The perfect tax-free savings account?
This year, there was a great deal of excitement among retail investors with the launch of tax-free savings accounts in the market. looks at the advantages of one such savings account.
when tax-free savings accounts (TFSAs) were launched by government earlier this year, there was a flurry of activity in the market, with the banks and certain life insurers bringing their products to market quite quickly. These were launched as part of government’s ongoing reforms in the financial services sector, with the aim of incentivising more people to save for their future. It remains our firm belief that a bank TFSA product is not a worthwhile investment for anyone with an investment horizon longer than three years. TFSAs have a natural long-term horizon associated with them as there are contribution limits and a lifetime limit associated with them. In order to get the maximum benefit from this product, investors will have to be invested for the long term (at least 10 years).
Choosing the right product
We were also cautious not to simply offer these initial products to our clients. Investors have until February 2016 to decide what product to choose in order to use this year’s contribution allowance.
Our main concern was that an incorrect choice of product could result in investors changing products, thereby losing out in terms of their lifetime contribution limit.
For example, if an investor invested R10 000 into a bank TFSA product, and subsequently moved those funds to a more suitable growth-orientated product, it would be counted as a R20 000 contribution for the current tax year. An ideal TFSA is one that is well priced and offers clients access to a wide range of funds, which allows them to implement a suitable strategy over time. We were pleased when Stanlib announced the launch of its linked investment TFSA product. The product is costed at an admin fee of 0.2% per annum plus VAT. The product also allows the investor access to a wide range of funds from top asset managers, including Coronation, Foord, Prudential, Satrix and Investec in addition to Stanlib’s own range of funds.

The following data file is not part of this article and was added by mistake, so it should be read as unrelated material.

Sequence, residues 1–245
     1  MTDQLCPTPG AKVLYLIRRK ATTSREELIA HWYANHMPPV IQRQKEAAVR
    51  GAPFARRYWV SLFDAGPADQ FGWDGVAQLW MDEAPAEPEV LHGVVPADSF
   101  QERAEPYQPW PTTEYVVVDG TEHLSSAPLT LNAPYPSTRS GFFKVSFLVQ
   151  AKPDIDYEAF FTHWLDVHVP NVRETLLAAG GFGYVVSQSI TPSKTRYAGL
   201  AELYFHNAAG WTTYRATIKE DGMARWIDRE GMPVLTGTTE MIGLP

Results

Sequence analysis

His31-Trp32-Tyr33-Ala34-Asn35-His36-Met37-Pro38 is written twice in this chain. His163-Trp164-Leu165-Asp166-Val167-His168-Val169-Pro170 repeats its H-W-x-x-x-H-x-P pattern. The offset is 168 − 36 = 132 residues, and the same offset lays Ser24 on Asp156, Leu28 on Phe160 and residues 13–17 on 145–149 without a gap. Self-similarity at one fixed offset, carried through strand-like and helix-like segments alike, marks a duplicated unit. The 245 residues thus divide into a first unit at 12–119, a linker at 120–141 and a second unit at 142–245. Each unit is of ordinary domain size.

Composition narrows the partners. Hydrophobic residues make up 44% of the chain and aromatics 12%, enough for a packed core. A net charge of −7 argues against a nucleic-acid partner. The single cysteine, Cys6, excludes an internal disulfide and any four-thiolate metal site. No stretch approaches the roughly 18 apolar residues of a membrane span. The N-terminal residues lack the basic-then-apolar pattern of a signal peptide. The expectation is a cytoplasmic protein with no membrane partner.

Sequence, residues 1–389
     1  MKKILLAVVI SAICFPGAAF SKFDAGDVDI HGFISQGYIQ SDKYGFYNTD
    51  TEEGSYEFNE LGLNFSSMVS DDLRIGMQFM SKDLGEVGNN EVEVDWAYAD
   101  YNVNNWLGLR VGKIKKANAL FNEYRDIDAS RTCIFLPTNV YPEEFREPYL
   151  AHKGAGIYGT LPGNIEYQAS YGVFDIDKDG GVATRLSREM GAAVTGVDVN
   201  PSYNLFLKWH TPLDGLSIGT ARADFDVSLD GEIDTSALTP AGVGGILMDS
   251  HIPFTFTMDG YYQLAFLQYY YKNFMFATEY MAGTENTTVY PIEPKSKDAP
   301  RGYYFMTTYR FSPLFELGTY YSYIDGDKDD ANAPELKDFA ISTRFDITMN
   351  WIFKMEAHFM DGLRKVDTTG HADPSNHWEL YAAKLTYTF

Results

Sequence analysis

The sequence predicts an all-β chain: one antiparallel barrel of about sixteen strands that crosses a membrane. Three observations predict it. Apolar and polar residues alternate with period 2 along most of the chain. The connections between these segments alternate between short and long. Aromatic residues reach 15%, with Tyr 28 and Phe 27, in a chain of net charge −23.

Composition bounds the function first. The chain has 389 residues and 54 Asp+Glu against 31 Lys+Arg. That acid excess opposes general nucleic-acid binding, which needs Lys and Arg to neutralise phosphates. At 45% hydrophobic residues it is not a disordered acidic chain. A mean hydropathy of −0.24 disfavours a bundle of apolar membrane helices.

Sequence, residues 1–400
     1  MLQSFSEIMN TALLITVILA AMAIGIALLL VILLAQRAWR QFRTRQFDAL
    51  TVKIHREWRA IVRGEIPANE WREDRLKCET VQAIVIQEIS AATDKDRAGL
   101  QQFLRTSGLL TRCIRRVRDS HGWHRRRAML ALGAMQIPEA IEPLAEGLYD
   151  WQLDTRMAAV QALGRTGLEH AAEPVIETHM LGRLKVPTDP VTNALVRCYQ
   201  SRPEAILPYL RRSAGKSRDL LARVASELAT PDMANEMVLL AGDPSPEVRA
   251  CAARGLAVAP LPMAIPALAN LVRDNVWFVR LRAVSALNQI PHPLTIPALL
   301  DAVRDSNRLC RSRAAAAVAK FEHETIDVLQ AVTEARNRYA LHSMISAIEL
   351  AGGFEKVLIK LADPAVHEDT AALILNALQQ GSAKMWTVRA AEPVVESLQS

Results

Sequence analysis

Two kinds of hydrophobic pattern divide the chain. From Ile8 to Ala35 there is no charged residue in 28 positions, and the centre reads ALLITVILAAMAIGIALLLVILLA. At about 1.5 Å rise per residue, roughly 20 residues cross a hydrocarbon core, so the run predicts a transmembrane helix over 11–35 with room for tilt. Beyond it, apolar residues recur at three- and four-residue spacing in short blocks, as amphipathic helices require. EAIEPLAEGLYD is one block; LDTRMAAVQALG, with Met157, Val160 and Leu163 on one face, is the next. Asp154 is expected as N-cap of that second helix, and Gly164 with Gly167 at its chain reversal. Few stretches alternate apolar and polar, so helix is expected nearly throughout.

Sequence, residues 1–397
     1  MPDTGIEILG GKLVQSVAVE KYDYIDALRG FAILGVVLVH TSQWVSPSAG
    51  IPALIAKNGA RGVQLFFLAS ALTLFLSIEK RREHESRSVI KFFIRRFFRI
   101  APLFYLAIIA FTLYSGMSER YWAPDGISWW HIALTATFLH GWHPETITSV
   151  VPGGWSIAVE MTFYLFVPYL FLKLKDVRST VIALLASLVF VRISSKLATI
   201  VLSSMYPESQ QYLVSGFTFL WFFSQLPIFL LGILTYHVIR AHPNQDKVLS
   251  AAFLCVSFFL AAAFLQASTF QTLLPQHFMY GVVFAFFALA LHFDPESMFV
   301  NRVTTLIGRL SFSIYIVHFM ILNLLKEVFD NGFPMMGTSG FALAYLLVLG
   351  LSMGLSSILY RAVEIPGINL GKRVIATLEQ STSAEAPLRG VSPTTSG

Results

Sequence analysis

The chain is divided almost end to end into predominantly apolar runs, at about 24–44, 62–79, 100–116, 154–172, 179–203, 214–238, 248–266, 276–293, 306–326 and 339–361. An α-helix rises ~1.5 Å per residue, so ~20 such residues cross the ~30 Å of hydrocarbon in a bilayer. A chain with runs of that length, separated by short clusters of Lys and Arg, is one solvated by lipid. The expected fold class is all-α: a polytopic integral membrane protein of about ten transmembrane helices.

An important feature of the Stanlib product is that it allows investors to combine active and passive investments in their portfolio to help mitigate asset management fees. One could combine an active manager like Prudential with a passive manager like Satrix and get a moderate risk portfolio at a total cost of less than 0.4% per annum. Many of the existing product offerings force investors to choose between active and passive management, which is not ideal.
Unlike many others, the Stanlib product does not offer preferential pricing for the use of internal funds. This is an important feature as the product is not complicated by differentiated pricing strategies. Investors are then able to hold their manager accountable without worrying about cost implications. There is also a broad enough range of funds available for investors with differing risk profiles. So a very conservative investor would be able to access cash as well as enhanced cash funds, which have delivered better than cash returns with minimal additional risk. High-risk investors, on the other hand, can access offshore index trackers in addition to other asset classes such as equities and listed property.
In order to get the maximum benefit from this product, investors will have to be invested for the long term (at least 10 years).
Stanlib’s product is also more broadly accessible as the minimum monthly investment is R500 and the minimum lump sum is R10 000. Given that the group of people who will benefit the most from TFSA investments is investors below the age of 30, the lower minimum is a significant positive for the Stanlib product.
In the final analysis, the Stanlib-linked investments tax-free savings plan ticks all the right boxes from the perspective of a long-term investor who is serious about taking advantage of the considerable benefits TFSAs offer. The market is waiting to see what industry gorillas Allan Gray and Coronation bring to the market, if and when they launch a TFSA, but the bar has been set very high.